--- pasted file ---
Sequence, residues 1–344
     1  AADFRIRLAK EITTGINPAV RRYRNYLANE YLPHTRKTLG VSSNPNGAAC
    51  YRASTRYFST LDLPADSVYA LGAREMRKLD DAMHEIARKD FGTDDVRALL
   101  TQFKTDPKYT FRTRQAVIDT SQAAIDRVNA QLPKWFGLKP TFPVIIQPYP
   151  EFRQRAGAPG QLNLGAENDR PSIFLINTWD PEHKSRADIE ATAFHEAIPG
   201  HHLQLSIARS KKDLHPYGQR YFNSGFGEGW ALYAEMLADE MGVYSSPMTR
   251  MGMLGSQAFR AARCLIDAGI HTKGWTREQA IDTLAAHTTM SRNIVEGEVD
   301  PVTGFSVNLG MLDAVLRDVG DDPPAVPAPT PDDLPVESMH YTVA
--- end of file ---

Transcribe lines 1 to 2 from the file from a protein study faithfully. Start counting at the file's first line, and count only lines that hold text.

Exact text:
Sequence, residues 1–344
     1  AADFRIRLAK EITTGINPAV RRYRNYLANE YLPHTRKTLG VSSNPNGAAC